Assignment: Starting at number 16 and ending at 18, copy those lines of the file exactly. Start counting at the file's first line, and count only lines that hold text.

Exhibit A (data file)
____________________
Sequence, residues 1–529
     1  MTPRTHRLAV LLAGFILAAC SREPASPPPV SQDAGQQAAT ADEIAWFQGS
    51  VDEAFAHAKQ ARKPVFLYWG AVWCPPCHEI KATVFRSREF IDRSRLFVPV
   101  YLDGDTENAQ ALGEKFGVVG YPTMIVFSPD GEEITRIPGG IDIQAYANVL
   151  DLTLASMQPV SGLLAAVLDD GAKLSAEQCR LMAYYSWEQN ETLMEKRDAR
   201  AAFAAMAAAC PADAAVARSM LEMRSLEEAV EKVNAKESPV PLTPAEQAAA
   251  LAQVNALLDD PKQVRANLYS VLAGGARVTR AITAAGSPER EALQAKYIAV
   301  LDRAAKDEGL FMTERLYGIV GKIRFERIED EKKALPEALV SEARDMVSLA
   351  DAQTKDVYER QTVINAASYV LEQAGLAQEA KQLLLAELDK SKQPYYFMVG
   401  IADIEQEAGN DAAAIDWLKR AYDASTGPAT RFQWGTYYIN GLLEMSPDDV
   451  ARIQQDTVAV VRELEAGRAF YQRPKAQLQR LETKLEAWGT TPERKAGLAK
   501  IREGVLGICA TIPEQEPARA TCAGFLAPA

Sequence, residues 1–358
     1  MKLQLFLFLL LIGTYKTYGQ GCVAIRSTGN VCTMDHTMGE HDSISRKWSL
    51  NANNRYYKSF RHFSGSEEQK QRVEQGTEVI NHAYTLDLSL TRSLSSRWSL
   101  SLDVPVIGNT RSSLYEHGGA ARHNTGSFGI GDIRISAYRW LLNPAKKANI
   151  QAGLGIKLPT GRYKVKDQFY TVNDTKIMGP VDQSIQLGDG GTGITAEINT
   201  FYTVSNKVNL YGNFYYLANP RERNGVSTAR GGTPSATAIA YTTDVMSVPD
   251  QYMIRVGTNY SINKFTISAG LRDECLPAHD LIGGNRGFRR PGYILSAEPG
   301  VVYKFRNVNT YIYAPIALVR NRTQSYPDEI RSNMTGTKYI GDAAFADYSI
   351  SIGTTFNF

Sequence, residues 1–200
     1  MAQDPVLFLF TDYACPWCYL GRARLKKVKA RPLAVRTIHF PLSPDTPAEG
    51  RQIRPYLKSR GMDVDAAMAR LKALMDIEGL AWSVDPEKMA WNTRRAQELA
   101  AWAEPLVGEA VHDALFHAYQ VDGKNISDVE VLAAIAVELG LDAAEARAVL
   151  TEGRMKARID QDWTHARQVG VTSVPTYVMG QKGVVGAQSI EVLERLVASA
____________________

   101  SLDVPVIGNT RSSLYEHGGA ARHNTGSFGI GDIRISAYRW LLNPAKKANI
   151  QAGLGIKLPT GRYKVKDQFY TVNDTKIMGP VDQSIQLGDG GTGITAEINT
   201  FYTVSNKVNL YGNFYYLANP RERNGVSTAR GGTPSATAIA YTTDVMSVPD